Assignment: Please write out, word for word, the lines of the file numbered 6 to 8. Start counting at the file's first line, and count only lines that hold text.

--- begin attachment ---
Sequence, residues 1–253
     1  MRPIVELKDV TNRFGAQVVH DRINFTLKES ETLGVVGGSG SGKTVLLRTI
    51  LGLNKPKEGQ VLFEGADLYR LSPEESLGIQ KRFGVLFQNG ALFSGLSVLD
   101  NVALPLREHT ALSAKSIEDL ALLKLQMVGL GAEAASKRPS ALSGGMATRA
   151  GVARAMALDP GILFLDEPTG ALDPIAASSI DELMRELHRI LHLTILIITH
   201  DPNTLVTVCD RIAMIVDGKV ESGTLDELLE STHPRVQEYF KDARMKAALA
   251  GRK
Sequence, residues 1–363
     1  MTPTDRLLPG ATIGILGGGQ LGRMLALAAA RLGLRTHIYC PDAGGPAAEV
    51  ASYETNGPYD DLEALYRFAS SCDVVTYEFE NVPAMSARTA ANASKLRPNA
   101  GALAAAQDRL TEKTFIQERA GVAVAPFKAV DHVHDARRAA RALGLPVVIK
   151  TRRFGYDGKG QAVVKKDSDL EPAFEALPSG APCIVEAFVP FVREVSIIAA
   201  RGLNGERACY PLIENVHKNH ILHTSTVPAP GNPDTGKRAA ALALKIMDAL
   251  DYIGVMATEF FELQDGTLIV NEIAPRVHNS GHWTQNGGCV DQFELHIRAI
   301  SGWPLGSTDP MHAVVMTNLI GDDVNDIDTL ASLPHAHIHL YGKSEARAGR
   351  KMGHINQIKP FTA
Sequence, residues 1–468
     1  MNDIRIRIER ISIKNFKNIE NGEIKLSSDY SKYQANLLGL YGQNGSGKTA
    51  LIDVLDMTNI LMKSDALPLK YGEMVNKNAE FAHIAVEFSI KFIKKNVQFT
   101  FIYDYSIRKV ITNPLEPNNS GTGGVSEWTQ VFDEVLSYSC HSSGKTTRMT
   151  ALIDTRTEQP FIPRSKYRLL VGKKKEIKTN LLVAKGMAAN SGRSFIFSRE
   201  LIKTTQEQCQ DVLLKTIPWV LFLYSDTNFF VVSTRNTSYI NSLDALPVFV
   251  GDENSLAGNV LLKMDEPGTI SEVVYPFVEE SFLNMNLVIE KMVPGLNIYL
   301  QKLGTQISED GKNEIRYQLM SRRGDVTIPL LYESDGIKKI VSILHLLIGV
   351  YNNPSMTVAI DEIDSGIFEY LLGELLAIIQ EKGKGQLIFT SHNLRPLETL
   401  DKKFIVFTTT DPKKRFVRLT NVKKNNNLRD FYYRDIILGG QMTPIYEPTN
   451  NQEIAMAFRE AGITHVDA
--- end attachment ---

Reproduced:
   201  DPNTLVTVCD RIAMIVDGKV ESGTLDELLE STHPRVQEYF KDARMKAALA
   251  GRK
Sequence, residues 1–363